Family stories have always said that they owned a section of land which was where present day Dallas, Texas was located and that in the 1930’s or so there was a stew about some properties rights because they couldn't find the deed of sale for the Crow property.  Now that is a cool story and I have always loved that story, but in 1860 they were living in Robertson County, Texas which is located south of Dallas.  Robertson County is about 120 miles or so as the crow flies from Dallas, or if you are on modern day roads anywhere from 135 to 148 miles depending on which road you take.  Now I don’t think they moved from Robertson County after 1860 up to Dallas, because in the winter or early spring of 1862, Richard and his brothers left Texas and went back to Tennessee to join the Rebel Army and fight for the Confederacy in the Civil War.

Again from family stories and I don’t have any actual proof, but they say that after the men left for Tennessee and the war, that the women were left alone to fend for themselves.  Now Texas in the 1860’s would not have been very safe for men well off women and children.  Comanches, Comancheros, and outlaws would have been all over the place.  The family stories go on to say that Sarah sold their land after Richard left, for a wagon and team and enough provisions to get them back to Tennessee.  I know they were on their way back from Texas to Tennessee in October of 1862, because they stopped in Arkansas and Sarah had their second child, a daughter who they named Harriet Crow (1862-1941), Hattie was her nickname, who was my 3rd great-grandmother.  They probably stayed there just long enough for Sarah to get her strength back after the birth, and then continued on to Tennessee.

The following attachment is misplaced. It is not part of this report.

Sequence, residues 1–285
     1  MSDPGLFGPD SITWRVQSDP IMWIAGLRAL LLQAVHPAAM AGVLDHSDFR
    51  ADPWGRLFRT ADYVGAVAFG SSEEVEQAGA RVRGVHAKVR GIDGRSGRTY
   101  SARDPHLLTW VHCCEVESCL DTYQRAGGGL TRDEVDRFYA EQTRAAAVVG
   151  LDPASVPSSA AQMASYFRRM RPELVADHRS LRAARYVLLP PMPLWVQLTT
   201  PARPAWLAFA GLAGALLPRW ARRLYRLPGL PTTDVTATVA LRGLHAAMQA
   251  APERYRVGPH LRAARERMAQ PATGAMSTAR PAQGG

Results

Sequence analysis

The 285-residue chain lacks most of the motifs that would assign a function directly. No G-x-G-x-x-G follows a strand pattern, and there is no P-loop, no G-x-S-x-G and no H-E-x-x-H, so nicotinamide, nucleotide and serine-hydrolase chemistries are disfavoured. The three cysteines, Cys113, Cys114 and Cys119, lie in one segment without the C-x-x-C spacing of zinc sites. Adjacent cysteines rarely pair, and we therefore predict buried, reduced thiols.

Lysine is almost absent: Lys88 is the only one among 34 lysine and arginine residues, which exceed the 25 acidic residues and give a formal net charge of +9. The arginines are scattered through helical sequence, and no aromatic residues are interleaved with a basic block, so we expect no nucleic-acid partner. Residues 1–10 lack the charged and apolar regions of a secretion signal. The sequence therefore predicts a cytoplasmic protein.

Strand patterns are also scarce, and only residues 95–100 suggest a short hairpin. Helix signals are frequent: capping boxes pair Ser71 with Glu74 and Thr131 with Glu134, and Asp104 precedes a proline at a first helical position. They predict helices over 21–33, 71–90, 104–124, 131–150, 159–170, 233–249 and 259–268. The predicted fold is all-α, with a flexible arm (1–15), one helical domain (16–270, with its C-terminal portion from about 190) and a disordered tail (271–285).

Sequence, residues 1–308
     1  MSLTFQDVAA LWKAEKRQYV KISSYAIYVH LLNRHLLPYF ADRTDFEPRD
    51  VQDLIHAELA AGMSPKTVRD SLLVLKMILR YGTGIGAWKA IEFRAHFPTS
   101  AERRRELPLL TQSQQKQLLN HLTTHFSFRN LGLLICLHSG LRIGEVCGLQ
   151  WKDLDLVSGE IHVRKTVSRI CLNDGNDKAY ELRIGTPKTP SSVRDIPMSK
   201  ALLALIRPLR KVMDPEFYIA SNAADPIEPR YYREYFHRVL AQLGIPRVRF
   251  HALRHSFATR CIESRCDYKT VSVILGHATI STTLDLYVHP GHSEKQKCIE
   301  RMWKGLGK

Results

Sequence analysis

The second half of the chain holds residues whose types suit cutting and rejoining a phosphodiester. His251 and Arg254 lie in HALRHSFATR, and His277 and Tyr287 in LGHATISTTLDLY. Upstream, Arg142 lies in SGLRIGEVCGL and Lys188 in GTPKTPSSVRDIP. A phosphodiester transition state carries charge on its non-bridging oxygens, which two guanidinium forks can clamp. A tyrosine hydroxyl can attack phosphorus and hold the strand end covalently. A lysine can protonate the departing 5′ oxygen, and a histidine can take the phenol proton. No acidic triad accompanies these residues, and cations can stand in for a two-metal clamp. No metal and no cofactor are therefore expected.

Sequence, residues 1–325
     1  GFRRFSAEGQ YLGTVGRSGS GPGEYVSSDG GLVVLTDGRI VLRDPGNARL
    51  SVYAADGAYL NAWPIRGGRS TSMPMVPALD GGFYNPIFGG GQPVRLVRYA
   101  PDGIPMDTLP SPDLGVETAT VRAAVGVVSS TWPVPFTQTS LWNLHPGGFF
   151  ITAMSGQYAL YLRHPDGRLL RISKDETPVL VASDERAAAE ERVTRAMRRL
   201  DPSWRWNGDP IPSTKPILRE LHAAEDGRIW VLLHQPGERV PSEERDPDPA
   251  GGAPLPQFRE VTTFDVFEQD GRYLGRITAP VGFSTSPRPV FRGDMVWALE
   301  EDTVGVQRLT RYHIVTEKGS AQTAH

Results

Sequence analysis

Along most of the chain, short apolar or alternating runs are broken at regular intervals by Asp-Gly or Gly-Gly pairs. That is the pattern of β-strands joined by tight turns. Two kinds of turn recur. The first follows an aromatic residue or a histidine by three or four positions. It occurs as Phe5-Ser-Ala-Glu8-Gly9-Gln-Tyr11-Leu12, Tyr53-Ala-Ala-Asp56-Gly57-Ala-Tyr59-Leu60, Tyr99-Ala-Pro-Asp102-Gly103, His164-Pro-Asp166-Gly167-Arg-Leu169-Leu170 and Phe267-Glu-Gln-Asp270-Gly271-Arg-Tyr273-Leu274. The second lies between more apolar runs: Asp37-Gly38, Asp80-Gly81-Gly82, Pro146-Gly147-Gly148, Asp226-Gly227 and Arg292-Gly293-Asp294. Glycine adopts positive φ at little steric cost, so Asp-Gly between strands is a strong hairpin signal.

Life in Tennessee during the war was not easy for anyone and Sarah definitely didn't have it easy.  The family stories go on to say that she lived in a tiny little cabin, just her and her two young children.  Her mother and father should have been close by and her younger siblings, but to make this more exciting the family stories say she and the children were all alone, way out in the woods.  Anyway on with the war years and the family story.  Sarah had to plant a little garden to keep her and her children from starving, but the wolves were so bad that she built a little fence around the garden and kept a large bonfire going and left the children by the fire so the wolves would not get them.  The baby I can see leaving by the fire, but how in the world did she work in her garden and keep a 4 year old little boy from crawling under the fence or falling in the fire.  I wonder if she tied a rope around him and staked him closer to her, I think I would have.  I have 5 grandsons from age 5 to 4 months old and they would all be trying to see how close they could get to the fire, well except the baby of course.